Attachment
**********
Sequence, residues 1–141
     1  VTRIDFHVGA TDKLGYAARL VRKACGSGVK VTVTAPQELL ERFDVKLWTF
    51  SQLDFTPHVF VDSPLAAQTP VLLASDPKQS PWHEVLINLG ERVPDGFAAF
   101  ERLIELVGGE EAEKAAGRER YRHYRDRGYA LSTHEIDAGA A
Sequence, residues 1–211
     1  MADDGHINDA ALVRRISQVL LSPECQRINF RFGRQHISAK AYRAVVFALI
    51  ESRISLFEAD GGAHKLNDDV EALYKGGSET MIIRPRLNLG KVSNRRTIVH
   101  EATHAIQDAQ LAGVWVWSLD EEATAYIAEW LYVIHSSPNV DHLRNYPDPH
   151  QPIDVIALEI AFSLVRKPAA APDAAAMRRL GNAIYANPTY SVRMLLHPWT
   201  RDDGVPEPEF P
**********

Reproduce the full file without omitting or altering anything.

Sequence, residues 1–141
     1  VTRIDFHVGA TDKLGYAARL VRKACGSGVK VTVTAPQELL ERFDVKLWTF
    51  SQLDFTPHVF VDSPLAAQTP VLLASDPKQS PWHEVLINLG ERVPDGFAAF
   101  ERLIELVGGE EAEKAAGRER YRHYRDRGYA LSTHEIDAGA A
Sequence, residues 1–211
     1  MADDGHINDA ALVRRISQVL LSPECQRINF RFGRQHISAK AYRAVVFALI
    51  ESRISLFEAD GGAHKLNDDV EALYKGGSET MIIRPRLNLG KVSNRRTIVH
   101  EATHAIQDAQ LAGVWVWSLD EEATAYIAEW LYVIHSSPNV DHLRNYPDPH
   151  QPIDVIALEI AFSLVRKPAA APDAAAMRRL GNAIYANPTY SVRMLLHPWT
   201  RDDGVPEPEF P